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Re: [vox-tech] Verify Ubuntu files
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Re: [vox-tech] Verify Ubuntu files

Rick Moen wrote:
> Doing any IDS check from known-good boot media is obviously far better
> (where one can afford the downtime), and the only way any integrity
> check of the boot chain can possibly hope to be reliable.

Well you can't lie to the dom0, so using the dom0 kernel is much like using 
secure media... except you don't need the downtime, and the domU can't tell 
when it's happening.

>> Booting known good media is much better, although even then it's
>> pretty trivial to subvert.
> Oh, do tell.

Well a single successful tweak can compromise a system in such a way that 
nothing else on the filesystem changes.  So for instance if /sbin/shutdown
hides the tracks, then when you reboot to safe media you never see it... it's 
harder to hide from the dom0.  So once you are in you can stick with 
compromising only things in memory till the admin reruns tripwire.

>> Of course it's relatively trivial to hack a machine, not change a single 
>> binary, and open up a back door.
> I assume you mean that _if_ you have cracked a machine, it's easy to
> avoid changing the binaries, and yet open a back door.  However, you
> must make a critical change to system configuration to make that
> persist, which change then is part of the forensic trail.

True, but tripwire seems best at detecting changed binaries, there are many 
places on a filesystem where you can add a text file that creates a security 
hole.  Sure it's possible to detect the change, but it's pretty easy to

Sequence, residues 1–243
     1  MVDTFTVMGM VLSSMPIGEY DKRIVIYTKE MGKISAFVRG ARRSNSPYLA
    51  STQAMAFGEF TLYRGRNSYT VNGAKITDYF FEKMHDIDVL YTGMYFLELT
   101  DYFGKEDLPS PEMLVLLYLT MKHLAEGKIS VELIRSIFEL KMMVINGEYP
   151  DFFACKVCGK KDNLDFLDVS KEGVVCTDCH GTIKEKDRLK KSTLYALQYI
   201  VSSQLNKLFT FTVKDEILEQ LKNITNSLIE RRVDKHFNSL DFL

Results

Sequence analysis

just make a hook for the next time you run the tripwire client, or apt-get update.

> That would be a rather careless sysadmin who doesn't detect the fact
> that the TW policy file has been altered.  All of the thing's files, you
> may recall, are crypto-signed, right down to the reports -- and that
> would be pretty pointless if you didn't always (at minimum) use its
> siggen utility from read-only media to check them.  Even at that, it's 
> theoretically possible that a subverted runtime system (not rebooted to
> known-good media) could jigger the siggen checks to make it lie and
> report the expected hash values, but I'll believe that when I see it.

Hiding things better on shutdown is common, and instrumenting tripwire
so that changes aren't written to critical files until the sysadmin is 
updating the database is common.  With common security policies requiring 
security patches be applied within days to a week (so it's often) it's rather 
rare to do the most secure shutdown, mount RO media, check the database, 
patch, mount the media RW, update the database, reboot.

> (FWIW, I don't like Tripwire:  Too slow, far too much hassle to admin,
> too crufty; but I'm glad to give credit for what they did thoughtfully.)

The common method, a signed local database is no more secure than the local 
RPM database, it's inherently broken, it assumes you are secure to begin with,
assumes that you can trust the kernel, and assumes that there never is an 
insecure update.  It's rather common for instance for a hack to cause a file 
read to report one checksum (say one of the tripwire binaries) yet when you 
run it you get a different binary.
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